10. The method of claim 1, wherein the toxic waste is highly volatile, and wherein the RFID tags are detected after the toxic waste has evaporated, the method further comprising:
determining that the area has been contaminated by a past presence of the toxic waste.
11. The method of claim 1, wherein the RFID tags are introduced into the toxic waste at a location in which the toxic waste is being generated.
12. The method of claim 1, wherein the RFID sensor is a component of a portable RFID detection device.
13. The method of claim 1, wherein the RFID sensor is a component of a fixed-location RFID detection device.
14. The method of claim 1, wherein the toxic waste is a liquid.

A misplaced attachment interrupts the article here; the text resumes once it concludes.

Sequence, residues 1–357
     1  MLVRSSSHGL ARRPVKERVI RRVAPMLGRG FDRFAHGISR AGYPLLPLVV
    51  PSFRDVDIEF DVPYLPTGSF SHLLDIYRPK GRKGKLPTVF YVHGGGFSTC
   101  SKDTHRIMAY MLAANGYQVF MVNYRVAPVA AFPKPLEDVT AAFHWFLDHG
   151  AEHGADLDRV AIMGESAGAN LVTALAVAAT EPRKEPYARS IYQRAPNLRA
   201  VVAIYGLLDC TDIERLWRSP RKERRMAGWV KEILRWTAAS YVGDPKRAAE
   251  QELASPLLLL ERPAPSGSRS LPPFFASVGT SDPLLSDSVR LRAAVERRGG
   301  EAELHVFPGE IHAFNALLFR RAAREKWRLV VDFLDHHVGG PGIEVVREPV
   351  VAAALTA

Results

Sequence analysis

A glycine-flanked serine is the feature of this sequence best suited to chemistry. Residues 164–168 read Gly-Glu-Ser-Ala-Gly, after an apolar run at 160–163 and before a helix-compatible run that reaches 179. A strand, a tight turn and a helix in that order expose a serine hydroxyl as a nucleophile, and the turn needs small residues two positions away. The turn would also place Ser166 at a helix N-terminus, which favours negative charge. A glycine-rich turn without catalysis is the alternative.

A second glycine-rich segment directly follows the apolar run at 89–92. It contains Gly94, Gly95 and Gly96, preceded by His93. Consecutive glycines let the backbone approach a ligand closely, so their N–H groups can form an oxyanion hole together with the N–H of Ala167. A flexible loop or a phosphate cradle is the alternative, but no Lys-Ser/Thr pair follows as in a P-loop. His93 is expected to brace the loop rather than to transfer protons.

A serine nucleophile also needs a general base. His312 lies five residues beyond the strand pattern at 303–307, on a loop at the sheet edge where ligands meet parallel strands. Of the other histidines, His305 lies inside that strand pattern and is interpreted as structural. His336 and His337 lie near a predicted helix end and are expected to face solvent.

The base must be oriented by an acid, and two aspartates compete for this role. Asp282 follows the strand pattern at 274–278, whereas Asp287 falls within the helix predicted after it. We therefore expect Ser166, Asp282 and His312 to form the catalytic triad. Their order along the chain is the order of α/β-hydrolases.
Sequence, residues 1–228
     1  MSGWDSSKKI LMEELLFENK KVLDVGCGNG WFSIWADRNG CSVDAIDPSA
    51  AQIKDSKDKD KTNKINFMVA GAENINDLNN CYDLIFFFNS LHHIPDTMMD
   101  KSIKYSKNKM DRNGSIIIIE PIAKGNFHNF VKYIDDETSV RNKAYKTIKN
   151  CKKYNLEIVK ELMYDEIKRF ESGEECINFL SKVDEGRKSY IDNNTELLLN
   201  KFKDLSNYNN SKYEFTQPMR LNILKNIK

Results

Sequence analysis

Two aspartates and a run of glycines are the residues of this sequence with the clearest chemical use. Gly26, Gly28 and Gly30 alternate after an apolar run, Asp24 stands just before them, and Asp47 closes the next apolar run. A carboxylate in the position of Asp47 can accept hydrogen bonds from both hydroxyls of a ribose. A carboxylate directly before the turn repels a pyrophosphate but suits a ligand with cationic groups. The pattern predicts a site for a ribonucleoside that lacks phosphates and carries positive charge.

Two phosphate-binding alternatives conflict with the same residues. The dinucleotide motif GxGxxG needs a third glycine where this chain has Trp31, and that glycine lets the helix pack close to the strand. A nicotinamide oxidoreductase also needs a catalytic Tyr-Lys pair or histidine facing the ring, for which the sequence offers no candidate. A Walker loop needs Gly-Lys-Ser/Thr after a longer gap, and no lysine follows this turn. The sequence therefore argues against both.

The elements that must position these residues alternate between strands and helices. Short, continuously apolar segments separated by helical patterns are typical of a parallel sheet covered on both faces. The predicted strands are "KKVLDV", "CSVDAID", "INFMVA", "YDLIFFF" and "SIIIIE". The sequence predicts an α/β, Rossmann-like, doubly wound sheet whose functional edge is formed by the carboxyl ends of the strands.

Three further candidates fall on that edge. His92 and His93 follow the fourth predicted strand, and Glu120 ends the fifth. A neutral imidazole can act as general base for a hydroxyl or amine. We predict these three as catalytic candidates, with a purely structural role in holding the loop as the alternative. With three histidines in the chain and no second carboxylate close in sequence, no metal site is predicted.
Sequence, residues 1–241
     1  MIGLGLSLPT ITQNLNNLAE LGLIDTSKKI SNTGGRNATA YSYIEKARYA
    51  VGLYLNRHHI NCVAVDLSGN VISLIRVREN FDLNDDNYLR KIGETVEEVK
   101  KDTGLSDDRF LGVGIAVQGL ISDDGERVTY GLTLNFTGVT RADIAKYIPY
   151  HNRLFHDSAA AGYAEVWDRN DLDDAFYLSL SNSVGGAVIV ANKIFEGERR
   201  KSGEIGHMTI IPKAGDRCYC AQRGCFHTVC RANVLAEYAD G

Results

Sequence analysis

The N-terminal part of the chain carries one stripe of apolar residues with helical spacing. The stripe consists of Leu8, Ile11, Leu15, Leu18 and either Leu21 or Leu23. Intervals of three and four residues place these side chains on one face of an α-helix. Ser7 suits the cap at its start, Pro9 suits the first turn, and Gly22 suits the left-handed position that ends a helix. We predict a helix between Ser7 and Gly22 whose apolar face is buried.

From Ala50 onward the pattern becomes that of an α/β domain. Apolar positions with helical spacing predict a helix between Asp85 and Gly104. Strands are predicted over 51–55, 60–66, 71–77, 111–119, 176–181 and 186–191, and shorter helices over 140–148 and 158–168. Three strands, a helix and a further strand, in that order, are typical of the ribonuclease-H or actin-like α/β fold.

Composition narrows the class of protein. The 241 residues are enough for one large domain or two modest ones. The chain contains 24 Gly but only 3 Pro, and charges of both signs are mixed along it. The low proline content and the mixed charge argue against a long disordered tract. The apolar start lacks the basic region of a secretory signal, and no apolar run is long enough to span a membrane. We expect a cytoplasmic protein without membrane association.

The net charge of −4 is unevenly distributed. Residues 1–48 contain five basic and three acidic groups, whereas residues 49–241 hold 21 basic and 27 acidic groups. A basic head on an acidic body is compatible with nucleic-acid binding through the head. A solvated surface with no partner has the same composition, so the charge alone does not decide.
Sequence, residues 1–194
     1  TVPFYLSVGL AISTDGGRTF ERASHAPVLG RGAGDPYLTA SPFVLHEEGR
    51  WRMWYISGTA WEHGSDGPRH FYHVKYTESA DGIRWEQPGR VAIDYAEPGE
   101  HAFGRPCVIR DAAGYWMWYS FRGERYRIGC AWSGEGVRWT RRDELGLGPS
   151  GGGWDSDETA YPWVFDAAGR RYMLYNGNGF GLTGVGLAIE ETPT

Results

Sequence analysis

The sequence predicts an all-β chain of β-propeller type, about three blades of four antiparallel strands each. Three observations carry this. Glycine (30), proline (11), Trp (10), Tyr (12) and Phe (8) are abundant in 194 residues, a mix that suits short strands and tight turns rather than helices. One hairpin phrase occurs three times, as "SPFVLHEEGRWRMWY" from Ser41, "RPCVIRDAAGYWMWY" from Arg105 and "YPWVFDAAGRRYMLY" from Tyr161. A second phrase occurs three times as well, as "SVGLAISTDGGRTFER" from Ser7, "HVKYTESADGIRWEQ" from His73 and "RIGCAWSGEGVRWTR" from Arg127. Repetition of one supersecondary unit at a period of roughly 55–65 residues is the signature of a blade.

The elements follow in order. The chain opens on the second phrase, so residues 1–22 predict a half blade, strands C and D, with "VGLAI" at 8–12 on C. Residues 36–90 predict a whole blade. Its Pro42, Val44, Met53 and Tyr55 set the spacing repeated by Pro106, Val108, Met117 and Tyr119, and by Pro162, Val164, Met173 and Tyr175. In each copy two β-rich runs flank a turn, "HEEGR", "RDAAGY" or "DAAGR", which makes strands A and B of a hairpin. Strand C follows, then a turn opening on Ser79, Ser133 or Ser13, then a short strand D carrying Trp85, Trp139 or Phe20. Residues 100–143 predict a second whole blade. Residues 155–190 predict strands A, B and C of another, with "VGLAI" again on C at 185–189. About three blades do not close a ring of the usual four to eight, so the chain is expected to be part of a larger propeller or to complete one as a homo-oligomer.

15. A method of electronically tagging a toxic waste, the method comprising:
adding multiple Radio Frequency Identification (RFID) tags to a liquid toxic waste, wherein the multiple RFID tags are suspended unadhered to the liquid toxic waste in a colloidal state.
16. The method of claim 15, wherein the RFID tags are added to the liquid toxic waste as the liquid toxic waste is being produced.
17. A system comprising:
a processor;
a memory coupled to the processor; and
a Radio Frequency Identification (RFID) sensor coupled to the processor, wherein the RFID sensor is enabled to detect multiple RFID tags that are suspended unadhered to a toxic waste;
wherein the RFID sensor is enabled to scan an area for the RFID tags; and
wherein the processor and memory are enabled to, in response to the RFID sensor detecting the RFID tags in the area, determine that the toxic waste has been introduced into the area.